Like the Mines of Moria.
The Deep Roads—cavernous, hazardous, labyrinthine, and as arduously exhaustive as a treatise in
Dwarven political history—is not the most fondly remembered area from Dragon Age: Origins. Even so, Dragon Age: Inquisition which focuses mainly on Orlais and Ferelden, mostly kept the dwarves at arm's length, leaving fans wondering what was happening in the underground Dwarven thaig of Orzammar that reduced the city to a mere blip on the Inquisition war table. Thus comes The Descent, a dungeon centered on the Deep Roads and operates like a minor D&D campaign that ultimately teases where the Dragon Age story might be heading in the future without bringing a satisfying resolution.
Unnatural earthquakes continue to ravage the lyrium mines pivotal to the Dwarven economy, and while Orzammar would prefer to keep this dire situation quiet, both the Legion of the Dead and the Shaperate have yet even to uncover the cause of these shockwaves, let alone the solution. Worse, the earthquakes have broken multiple ancient seals that barred the darkspawn from swarming toward the surface. Given that lyrium powers the Inquisition's magical forces and darkspawn threaten all of Thedas, Orzammar have called for your much-needed assistance.
If just to prove that The Descent is meant to be played near the endgame, if not after the main campaign, the mission begins with a beatdown. A few steps into the mines and you're locked in a fight against a hulking ogre, so if your combat skills are a bit rusty, you'll get a quick refresher. On top of that, the widened chasm running along the edge of the opening area introduces one of the central themes for the levels in The Descent: endless pits. Fall in one of these and your character will return to the surface with but a sliver of health left, so watch your step or you'll waste a handful of potions.
As its name suggests, The Descent has your party head steadily down into the layers of the mines as you decimate scores of darkspawn, spiders, and emissaries. Along the way, you'll escort a female Shaperate who can listen to the Stone (in much the same way that a woodland elf can listen to the forest, I imagine) and a hardy male Legion of the Dead commander. The other level-based theme of The Descent are gears, tucked away in the darkest nooks and crannies, that can unlock various doors spread throughout each layer.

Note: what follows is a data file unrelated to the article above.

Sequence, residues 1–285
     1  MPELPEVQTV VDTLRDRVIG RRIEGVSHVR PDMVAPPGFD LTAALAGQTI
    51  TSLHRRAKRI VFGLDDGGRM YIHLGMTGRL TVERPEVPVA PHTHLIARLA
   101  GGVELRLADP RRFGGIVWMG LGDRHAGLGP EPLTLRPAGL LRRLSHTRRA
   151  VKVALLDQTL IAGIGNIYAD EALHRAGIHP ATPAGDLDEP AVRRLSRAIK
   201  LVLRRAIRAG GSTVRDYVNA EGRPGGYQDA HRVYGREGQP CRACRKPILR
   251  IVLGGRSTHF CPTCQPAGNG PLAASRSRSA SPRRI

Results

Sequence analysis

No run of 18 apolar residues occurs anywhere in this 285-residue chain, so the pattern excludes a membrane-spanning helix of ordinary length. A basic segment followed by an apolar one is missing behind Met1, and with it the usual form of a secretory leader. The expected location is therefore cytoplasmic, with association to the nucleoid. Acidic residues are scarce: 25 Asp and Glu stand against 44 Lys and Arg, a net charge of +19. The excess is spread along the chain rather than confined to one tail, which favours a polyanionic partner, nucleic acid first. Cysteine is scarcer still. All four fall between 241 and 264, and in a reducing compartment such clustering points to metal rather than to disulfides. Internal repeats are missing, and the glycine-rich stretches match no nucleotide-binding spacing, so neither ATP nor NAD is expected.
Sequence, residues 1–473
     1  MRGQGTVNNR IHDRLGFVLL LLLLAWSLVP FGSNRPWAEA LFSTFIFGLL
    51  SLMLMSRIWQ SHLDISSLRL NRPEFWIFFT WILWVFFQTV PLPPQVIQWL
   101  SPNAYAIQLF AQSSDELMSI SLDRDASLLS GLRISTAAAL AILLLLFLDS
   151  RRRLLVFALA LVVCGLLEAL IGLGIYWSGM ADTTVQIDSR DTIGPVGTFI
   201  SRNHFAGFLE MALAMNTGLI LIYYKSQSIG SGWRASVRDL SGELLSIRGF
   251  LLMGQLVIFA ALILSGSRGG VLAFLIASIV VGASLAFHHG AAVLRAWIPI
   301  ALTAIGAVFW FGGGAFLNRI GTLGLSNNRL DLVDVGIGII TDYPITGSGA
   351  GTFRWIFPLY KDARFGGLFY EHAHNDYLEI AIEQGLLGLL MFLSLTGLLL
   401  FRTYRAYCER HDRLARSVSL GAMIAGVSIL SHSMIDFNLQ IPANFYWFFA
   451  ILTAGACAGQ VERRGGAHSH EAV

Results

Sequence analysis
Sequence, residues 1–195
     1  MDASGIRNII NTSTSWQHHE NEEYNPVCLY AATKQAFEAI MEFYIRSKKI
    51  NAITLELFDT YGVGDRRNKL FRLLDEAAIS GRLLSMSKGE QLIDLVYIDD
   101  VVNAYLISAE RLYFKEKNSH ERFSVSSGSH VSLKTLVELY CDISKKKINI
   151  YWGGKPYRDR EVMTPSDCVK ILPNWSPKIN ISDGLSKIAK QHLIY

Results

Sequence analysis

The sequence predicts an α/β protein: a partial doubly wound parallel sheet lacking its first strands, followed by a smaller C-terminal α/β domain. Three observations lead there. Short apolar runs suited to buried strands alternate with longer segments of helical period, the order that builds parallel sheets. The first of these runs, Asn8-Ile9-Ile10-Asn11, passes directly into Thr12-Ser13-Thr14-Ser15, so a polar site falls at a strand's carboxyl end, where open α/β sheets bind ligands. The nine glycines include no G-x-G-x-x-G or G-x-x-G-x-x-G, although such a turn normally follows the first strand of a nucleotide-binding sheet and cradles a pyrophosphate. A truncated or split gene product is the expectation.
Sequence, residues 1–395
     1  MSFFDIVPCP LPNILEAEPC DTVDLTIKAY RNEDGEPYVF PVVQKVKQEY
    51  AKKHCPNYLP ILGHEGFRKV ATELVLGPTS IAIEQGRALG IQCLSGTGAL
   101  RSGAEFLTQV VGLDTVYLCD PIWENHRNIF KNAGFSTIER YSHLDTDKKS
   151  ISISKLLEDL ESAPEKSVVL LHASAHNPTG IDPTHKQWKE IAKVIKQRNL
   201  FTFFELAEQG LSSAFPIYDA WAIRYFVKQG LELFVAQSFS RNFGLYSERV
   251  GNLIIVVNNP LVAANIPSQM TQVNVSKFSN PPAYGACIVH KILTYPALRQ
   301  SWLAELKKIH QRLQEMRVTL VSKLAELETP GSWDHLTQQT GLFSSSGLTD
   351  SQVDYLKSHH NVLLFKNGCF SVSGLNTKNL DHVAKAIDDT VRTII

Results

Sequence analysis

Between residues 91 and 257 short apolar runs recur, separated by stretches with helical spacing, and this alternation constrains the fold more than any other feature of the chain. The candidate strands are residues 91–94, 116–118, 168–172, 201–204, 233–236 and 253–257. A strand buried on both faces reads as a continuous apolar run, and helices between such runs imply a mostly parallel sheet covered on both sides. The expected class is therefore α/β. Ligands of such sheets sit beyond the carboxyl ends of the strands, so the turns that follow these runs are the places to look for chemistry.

For more or less a six-hour adventure, depending on how thorough you are with the collectibles, The Descent does an adequate job in terms of challenge and interesting level design for as linear as it is compared to the more freely open environments in Inquisition. You'll still discover points for landmarks, treasure, and expeditions which can be worked at the DLC-specific war table near the beginning of the side campaign and provide pathways to previously inaccessible environments. Going through each layer over again is worth the exploration.
However, there are more than several blips along the way. The campaign doesn't last long enough for you to care much about your Shaperate and the Legion of the Dead companions, and the ending feels too rushed and vague to feel resolved, as much as its ramifications are worth discussing. The ending boss is needlessly difficult for melee characters, but a cakewalk for a ranged character who can poke away from afar and dodge spikes rather easily. Actually, some of the mini-boss emissaries might be even more challenging than that since they can regenerate their shields. Even so, there isn't that many high-level equipment to gather from The Descent, so apart from extra experience points, there's little to take back from the DLC.
Though The Descent has the foundation of a strong side campaign, the characters aren't memorable enough and the story finishes too loosely to leave a lasting impression. Perhaps if it came coupled with a fully reimagined Orzammar or characters who have some permanence, it would have been an adventure that wasn't as closed off and didn't have an awkward aftertaste.